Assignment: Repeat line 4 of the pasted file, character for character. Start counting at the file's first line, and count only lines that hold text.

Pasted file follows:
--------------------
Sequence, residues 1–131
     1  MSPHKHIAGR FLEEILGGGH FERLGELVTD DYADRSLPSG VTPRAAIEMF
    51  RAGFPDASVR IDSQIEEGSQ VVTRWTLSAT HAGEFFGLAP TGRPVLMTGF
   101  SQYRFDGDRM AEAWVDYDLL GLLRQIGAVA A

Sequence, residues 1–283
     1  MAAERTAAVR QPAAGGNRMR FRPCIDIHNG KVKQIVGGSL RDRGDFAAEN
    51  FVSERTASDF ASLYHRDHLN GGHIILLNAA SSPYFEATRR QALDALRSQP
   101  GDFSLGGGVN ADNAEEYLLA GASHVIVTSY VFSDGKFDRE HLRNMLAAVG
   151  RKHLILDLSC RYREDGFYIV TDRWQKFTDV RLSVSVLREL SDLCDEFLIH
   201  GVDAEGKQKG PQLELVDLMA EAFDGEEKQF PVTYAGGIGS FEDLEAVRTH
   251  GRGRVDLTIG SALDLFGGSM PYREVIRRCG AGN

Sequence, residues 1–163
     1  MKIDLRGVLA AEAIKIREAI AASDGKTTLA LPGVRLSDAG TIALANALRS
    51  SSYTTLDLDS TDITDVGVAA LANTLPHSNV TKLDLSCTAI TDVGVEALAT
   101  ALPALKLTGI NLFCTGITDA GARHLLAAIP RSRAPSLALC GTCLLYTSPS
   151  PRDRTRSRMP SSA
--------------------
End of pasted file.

   101  SQYRFDGDRM AEAWVDYDLL GLLRQIGAVA A